• United States

‘Certified e-mail’ plans draw mixed reactions

Feb 13, 20064 mins
MalwareMessaging AppsNetworking

While the giant e-mail providers battle against spammers and Internet scammers, stealth-mode start-ups and other small vendors are gearing up, hoping to ignite the newest fight against malicious use of e-mail and the Internet.

Last week, AOL, Google, Microsoft and Yahoo became flashpoints in the spam, blacklisting and online reputation debates. Yahoo and AOL said in the next few months they would begin offering legitimate bulk e-mail senders the option of paying to certify delivery of e-mail to users.

In the United Kingdom, a number of retail companies accused Microsoft of unfairly blacklisting them and cutting them off from Hotmail users. And Google raised eyebrows in giving BMW the “Google death sentence” by dropping the carmaker’s search rating to zero after BMW spiked its Web site to manipulate search results.

The issues all shed light on the fact that the Internet continues to be a rough place to do business. The problem is no more apparent than with e-mail, where spammers have been winning a cat-and-mouse game.

In an effort to restore confidence, companies such as certification vendor Goodmail Systems and a stealth start-up working behind the Web address are planning to introduce authorization, accreditation and reputation systems that may help cleanse in-boxes and push the cost of spam onto spammers.

AOL and Yahoo, which will become Goodmail’s first active customers, view their services as being in that vein.

Last week, however, critics said the services would not help curb spam, while others accused AOL and Yahoo of taxing legitimate e-mail senders.

“This is not a spam-reduction measure,” says Andrew Lochart, senior director of marketing for anti-spam vendor Postini. “It is a way for a legitimate merchant to avoid getting a false positive in an AOL spam filter.”

AOL agrees with that general assessment and says the certified mail service is but one delivery option, in addition to AOL’s free whitelist service and plain old Internet e-mail service.

“We heard from our senders that they wanted other delivery options,” says Nicholas Graham, an AOL spokesman, who emphasized the service is optional.

DMA signals support

The Direct Marketing Association, which has nearly 5,000 members, including 55 Fortune 100 companies, classified the AOL service as a complement to regular e-mail delivery, and advises members to consider it for certain campaigns, such as delivering Web links, which AOL normally blocks.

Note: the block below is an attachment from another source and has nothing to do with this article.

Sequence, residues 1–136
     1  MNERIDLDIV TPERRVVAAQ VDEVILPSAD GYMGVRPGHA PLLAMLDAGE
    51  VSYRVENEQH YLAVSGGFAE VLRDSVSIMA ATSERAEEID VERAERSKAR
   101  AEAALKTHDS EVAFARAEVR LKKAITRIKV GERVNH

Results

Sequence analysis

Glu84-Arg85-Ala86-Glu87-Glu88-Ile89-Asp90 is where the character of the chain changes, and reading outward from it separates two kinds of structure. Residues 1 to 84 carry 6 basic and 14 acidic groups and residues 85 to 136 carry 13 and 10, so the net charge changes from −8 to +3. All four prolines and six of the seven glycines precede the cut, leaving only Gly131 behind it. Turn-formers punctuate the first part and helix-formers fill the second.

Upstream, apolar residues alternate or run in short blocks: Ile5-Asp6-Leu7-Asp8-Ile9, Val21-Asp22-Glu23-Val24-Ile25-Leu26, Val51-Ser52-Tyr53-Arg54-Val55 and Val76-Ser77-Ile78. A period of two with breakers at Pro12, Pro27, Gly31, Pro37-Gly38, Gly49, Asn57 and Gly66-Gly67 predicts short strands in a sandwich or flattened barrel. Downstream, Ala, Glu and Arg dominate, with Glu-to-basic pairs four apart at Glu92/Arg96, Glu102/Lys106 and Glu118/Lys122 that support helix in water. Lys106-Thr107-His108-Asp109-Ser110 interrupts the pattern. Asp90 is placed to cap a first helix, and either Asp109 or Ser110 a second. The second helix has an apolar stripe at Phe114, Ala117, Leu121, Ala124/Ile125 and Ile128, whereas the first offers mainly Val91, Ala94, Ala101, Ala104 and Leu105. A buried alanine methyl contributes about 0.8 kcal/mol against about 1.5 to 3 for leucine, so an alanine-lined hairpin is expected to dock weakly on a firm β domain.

The AOL and Yahoo services are exposing new attempts to clean up e-mail using techniques around authenticating senders via such technologies as SenderID or Yahoo’s DomainKeys, and by establishing online reputations and accrediting legitimate businesses.

Goodmail uses a system of background and credit checks to establish a “legal path of accountability” for its potential customers. It limits e-mail delivery to opt-in recipients, and monitors complaints against its customers to establish their online reputation.

Meng Weng Wong, CTO of the start-up, also is attacking the problem but believes the answer is an open reputation exchange.

Wong previously developed the Sender Policy Framework, which eventually merged with Microsoft’s CallerID to create SenderID, a system designed to verify the domain of e-mail senders. SenderID has been invaded by spammers, but Wong is developing what he says are the other pieces of the puzzle.

“I am working on building an open reputation network that makes it very easy for people in the reputation and accreditation industry to share or sell their data,” Wong says.

“We need to get back to a world where I can e-mail a stranger and they can e-mail me and the mail gets through, and where I don’t have to pay for that,” he says. “We have to get back to the good old days. We can do that with authentication, reputation and accreditation.”